Longtime Coach's Legendary Expertise Keeps Manistee Surging
By Tom Spencer
Special for MHSAA.com
November 19, 2021
Name any high school or community pool in Michigan, and odds are Corey Van Fleet has been there.
Perhaps it is true of any pool in the United States.
He might have even helped build it.
And, a little more odds. If the pool hosted an MHSAA Finals meet, one of Van Fleet’s teams likely participated. Although he won’t have any qualifiers making the trip to the Division 3 girls meet Friday, he’s been to championship weekend lots of times with Birmingham Seaholm and Manistee. His 1962-65 Seaholm boys teams won four straight Class A Finals, and his Manistee boys team is coming off a Finals trip last winter and its best season ever.
Van Fleet, now 85 years young, is in his 68th of coaching swimmers. He’s spent the last 13 with the boys and girls teams of Manistee High School. He started the program after helping build the pool.
The school utilizes the Paine Aquatics Center named after Bill Paine, who presented a proposal to the City of Manistee, the Manistee Area Public Schools and Van Fleet. Paine’s proposal called for the pool, which opened in July 2009, to be attached to the high school facilities.
“So I’m sitting in my office one day and this tall, lanky guy (Paine) walks in and closes the door and says my wife and I want to donate an aquatics complex in Manistee, and Sandy Saylor says you know something about swimming,” Van Fleet recalls. “‘Will you help me build it?’
“We talked about it for a while and I said yeah, I’d help him,” Van Fleet continued. “So we ended up with a nice eight-lane swimming pool in Manistee.”
Van Fleet, who also had coached at Florida State, coached and served as athletic director at Oakland University and then served as AD at Long Beach State (Calif.) during an illustrious career at the college level, took the next step naturally.
“The superintendent of schools at the time (Robert Olsen) said you build the darn thing, you might as well get some programs started,” Van Fleet recalled. “That was 13 years ago, and I’m still at it.”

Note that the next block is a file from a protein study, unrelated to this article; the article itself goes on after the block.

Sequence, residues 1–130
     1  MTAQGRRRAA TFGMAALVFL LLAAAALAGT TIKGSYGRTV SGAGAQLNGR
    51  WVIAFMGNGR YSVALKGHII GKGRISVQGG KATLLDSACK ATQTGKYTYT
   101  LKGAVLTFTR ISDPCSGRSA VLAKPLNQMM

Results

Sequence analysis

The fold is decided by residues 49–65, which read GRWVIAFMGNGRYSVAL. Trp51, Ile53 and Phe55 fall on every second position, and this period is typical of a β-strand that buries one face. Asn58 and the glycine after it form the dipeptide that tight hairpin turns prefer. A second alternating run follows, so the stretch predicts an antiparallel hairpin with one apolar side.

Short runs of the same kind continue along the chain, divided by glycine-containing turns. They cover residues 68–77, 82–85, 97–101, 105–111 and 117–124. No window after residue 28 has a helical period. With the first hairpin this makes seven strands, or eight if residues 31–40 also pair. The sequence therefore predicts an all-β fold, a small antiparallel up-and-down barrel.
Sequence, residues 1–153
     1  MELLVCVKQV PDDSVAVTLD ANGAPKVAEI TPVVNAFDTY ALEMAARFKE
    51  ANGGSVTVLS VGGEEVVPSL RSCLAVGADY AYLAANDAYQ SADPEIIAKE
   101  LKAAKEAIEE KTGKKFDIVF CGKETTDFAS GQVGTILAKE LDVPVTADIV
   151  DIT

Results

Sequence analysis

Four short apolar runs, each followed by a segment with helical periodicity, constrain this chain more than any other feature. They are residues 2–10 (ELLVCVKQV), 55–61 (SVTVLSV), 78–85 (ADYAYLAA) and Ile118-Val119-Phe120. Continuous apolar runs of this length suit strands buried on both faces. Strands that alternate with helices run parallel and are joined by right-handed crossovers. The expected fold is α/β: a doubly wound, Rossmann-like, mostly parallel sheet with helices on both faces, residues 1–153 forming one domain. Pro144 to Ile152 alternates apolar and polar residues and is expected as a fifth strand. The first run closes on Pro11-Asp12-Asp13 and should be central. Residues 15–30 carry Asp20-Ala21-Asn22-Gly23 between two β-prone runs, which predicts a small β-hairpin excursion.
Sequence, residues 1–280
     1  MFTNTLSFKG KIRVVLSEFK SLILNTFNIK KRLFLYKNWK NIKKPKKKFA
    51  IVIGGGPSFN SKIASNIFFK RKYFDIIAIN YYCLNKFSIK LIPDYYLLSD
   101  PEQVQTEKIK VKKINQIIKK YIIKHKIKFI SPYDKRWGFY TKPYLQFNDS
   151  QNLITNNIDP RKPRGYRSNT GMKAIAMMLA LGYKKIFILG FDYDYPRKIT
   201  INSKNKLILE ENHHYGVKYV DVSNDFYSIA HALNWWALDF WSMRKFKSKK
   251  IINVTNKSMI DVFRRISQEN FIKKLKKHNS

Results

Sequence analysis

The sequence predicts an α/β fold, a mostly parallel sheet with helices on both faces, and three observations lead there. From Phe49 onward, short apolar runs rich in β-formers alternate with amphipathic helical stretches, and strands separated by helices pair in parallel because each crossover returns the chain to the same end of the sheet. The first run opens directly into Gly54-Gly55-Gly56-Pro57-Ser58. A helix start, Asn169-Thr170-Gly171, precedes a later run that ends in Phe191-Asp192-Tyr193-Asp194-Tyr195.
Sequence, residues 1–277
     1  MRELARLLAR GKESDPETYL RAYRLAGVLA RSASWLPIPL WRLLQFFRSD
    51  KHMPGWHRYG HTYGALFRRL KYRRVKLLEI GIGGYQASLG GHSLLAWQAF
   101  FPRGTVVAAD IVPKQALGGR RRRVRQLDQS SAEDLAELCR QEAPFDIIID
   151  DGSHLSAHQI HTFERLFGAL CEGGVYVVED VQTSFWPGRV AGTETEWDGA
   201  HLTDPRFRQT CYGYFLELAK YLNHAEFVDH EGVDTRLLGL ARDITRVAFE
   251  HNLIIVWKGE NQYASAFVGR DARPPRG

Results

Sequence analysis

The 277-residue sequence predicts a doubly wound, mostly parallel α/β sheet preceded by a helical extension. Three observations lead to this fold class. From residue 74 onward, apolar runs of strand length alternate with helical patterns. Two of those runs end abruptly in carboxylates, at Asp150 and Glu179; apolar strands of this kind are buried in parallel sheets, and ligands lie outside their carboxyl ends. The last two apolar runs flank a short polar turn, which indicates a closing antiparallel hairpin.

At it, Van Fleet continues. He plans to stay with it until he just can’t do it anymore.
“I am still fairly healthy,” he said. “If I can find six people that can carry me out of church, I can think about quitting.”
During his tenure at Manistee, Van Fleet’s teams have dominated the Coastal Conference and produced multiple academic all-state swimmers. The boys team captured the 2020 academic all-state title with a 3.82 team grade point average.
“I am most proud, I think, about our academic progress,” Van Fleet said. “We take great pride in passing some classes.”
Van Fleet is also filled with pride when he reflects on all the swimmers he’s seen go on to become lawyers, doctors, teachers, engineers and coaches.
“I am pleased with the number of kids who have gone on to do some pretty big things in the world off our swimming programs,” he said. “I’d like to think they might have learned lessons about goal planning and sticking to it and hard work and all that stuff.
“That’s what lights me up.”
Van Fleet’s initial high school coaching job was at Madison Heights in 1959. He’s coached at camps all over Michigan, including his first at Burt Lake in 1954. Today he owns and operates a summer swimming camp in Irons, 30 miles southeast of Manistee. He also built it.
Jeff Brunner, a veteran MHSAA official in multiple sports including swimming, and father of former members of the Traverse City high school swimming co-op, is among many singing praises of Van Fleet’s impact on the sport.
“Corey has a wealth of information that he has accumulated in his coaching career,” Brunner said. “If I was a high school swimmer, I’d want to learn all I could from him – swimming for him would be such a unique opportunity.”
Andrew Huber, principal of Manistee’s middle and high schools, agrees with Brunner.
“We're humbled to have had Corey as part of our school and community,” he said. “His wealth of experience, knowledge, and relationship building has helped create a foundation of well-being for students and adults alike.